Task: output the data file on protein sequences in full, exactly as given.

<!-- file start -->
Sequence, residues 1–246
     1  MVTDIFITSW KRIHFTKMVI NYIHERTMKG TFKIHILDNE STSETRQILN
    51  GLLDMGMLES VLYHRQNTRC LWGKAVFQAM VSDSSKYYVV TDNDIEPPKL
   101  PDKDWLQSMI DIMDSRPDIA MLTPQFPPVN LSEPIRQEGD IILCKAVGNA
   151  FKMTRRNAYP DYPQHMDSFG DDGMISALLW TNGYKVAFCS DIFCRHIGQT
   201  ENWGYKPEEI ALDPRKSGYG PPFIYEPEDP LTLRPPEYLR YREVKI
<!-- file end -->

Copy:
Sequence, residues 1–246
     1  MVTDIFITSW KRIHFTKMVI NYIHERTMKG TFKIHILDNE STSETRQILN
    51  GLLDMGMLES VLYHRQNTRC LWGKAVFQAM VSDSSKYYVV TDNDIEPPKL
   101  PDKDWLQSMI DIMDSRPDIA MLTPQFPPVN LSEPIRQEGD IILCKAVGNA
   151  FKMTRRNAYP DYPQHMDSFG DDGMISALLW TNGYKVAFCS DIFCRHIGQT
   201  ENWGYKPEEI ALDPRKSGYG PPFIYEPEDP LTLRPPEYLR YREVKI